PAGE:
We’ve all heard about “machine learning.” At its simplest, “Machine learning is an application of artificial intelligence (AI) that provides systems the ability to automatically learn and improve from experience without being explicitly programmed.” (1) Basically, we construct algorithms, instead of programmed instructions.

In today’s industrial world we are constantly asked to do more with less resources. We need to be more efficient in our work life to be able to accomplish all the tasks that are presented to us. If you are a Process Engineer, you may need to quickly analyze some process data to help diagnose a current quality problem. If you are a Production Manager, you may need to get a clear update on production progress no matter where you are or the time of day. If you are in maintenance, you may need some historical operations information to help identify an equipment issue. With all these scenarios you need personalized data readily available from your processes…at the perfect time. And then often, you need time to digest what the data means. You do not have time to wait to have someone from IT create a report for you. In fact, don’t you really want your data to “read you mind” and let you know when there is something you need to be aware of? What’s the latest “news?”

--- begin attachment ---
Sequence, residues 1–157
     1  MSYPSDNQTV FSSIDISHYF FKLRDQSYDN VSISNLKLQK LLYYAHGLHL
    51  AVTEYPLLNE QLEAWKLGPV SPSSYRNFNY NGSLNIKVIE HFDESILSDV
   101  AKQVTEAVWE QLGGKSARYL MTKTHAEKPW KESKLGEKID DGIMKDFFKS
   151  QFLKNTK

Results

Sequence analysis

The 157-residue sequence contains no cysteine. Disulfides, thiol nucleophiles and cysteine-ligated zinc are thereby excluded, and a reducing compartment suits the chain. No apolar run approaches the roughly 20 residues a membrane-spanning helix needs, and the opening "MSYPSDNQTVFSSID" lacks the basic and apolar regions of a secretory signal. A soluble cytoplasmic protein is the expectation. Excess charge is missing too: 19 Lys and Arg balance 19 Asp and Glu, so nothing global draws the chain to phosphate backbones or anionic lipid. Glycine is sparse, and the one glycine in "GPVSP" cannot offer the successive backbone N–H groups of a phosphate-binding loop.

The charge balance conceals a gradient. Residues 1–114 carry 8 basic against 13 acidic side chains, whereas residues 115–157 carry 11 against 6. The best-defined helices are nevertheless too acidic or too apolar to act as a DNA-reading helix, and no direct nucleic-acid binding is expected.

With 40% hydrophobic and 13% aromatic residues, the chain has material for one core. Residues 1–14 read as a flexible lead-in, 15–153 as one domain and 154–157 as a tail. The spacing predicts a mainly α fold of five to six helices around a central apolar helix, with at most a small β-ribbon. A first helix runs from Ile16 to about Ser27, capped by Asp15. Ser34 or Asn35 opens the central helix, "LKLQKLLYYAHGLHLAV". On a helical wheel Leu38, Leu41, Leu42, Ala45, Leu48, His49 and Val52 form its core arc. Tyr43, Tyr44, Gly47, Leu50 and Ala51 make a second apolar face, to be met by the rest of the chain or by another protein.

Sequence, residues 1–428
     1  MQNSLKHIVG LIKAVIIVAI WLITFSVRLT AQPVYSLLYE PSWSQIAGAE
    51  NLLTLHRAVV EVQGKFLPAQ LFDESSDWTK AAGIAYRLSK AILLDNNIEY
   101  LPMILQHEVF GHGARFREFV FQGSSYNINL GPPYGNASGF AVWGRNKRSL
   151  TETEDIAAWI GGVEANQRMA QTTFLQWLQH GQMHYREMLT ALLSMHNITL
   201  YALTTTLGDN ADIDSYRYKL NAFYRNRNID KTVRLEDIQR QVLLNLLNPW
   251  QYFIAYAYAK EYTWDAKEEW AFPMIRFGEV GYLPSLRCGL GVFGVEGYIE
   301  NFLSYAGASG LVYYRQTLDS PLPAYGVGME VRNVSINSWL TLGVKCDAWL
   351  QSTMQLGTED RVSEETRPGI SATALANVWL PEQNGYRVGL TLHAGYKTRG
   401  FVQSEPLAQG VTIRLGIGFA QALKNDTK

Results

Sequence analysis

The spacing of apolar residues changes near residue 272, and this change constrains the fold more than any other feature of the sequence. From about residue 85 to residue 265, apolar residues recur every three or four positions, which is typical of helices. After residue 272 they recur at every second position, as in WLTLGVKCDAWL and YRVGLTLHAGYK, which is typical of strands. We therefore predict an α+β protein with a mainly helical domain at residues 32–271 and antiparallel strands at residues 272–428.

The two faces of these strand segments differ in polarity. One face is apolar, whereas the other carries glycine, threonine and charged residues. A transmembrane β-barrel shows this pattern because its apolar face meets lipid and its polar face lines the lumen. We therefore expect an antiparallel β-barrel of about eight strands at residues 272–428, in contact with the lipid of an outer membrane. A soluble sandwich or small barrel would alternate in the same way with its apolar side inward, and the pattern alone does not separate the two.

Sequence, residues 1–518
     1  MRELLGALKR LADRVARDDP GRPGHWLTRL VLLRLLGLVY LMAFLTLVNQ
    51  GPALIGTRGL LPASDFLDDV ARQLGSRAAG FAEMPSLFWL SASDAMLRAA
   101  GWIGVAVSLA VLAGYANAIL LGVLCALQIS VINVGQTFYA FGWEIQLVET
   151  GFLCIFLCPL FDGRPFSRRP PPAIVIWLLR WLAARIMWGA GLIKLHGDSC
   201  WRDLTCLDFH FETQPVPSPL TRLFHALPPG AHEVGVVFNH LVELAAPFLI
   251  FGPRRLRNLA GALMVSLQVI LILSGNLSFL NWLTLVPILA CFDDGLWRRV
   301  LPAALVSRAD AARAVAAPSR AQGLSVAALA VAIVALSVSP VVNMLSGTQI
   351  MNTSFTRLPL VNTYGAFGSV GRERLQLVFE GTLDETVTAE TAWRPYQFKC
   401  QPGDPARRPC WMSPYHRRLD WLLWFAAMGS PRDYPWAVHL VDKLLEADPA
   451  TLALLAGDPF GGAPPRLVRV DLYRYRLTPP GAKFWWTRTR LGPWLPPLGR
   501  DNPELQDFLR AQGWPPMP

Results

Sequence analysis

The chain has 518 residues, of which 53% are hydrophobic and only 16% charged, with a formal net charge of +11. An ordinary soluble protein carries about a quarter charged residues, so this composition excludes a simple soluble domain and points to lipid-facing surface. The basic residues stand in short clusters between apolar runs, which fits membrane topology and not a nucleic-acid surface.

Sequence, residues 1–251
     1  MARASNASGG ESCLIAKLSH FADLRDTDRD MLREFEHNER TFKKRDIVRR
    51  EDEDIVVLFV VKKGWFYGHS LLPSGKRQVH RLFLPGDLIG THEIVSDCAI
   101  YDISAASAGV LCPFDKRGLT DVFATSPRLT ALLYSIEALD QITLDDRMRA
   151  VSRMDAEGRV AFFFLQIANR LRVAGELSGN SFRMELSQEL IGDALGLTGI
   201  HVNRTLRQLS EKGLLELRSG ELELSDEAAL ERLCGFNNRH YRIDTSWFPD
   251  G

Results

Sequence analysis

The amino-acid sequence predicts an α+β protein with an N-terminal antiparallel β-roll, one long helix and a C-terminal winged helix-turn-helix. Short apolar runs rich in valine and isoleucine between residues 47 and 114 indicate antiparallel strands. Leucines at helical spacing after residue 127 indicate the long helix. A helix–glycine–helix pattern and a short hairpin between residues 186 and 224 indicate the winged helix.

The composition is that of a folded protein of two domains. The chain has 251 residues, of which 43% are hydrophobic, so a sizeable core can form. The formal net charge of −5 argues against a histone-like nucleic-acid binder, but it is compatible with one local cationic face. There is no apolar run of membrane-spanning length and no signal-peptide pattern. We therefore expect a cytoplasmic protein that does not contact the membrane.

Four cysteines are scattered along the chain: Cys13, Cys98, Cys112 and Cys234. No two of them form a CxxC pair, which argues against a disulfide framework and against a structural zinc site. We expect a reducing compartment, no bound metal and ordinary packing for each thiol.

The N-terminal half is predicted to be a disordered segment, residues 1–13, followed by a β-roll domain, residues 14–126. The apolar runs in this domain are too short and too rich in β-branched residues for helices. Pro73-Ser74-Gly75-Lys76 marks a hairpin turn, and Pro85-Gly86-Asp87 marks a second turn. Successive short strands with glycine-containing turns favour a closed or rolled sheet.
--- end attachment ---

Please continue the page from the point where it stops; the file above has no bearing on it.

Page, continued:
Today, tools with machine learning are serving up “the News” for you. I think you will find this to be very helpful.

In the past, when I was working in the aluminum industry we would capture real-time rolling mill parameters so the process and maintenance engineers could then manually review the data looking for issues that would affect coil stock quality. This process of manually pouring over key process parameters such as, coil temperature, roll force, motor amps and vibration, was a time consuming and tedious task. Today, it would be simple and easy for me to see that data in real time using Cloud Historian tools and even use a News Feed app (Machine learning algorithms that are analyzing the patterns in my data – See Figure 1) to tell me when it detects anomalies that may need my attention…even without me asking or programming alarm limits. Looking back, if we would have had a News Feed tool that could automatically detect when a critical variable’s data pattern was behaving “strangely”, we would have saved a tremendous amount of time. I would even wager that with this tool we would have detected a deteriorating set of the Hot Mill’s work rolls before off quality coils were produced and thus scrapped.

I’ve prepared a video to share what this cool capability looks like.


Figure 1 – Example News Feed Alerts from Wonderware Online Insight

(1) Source: http://www.expertsystem.com/machine-learning-definition/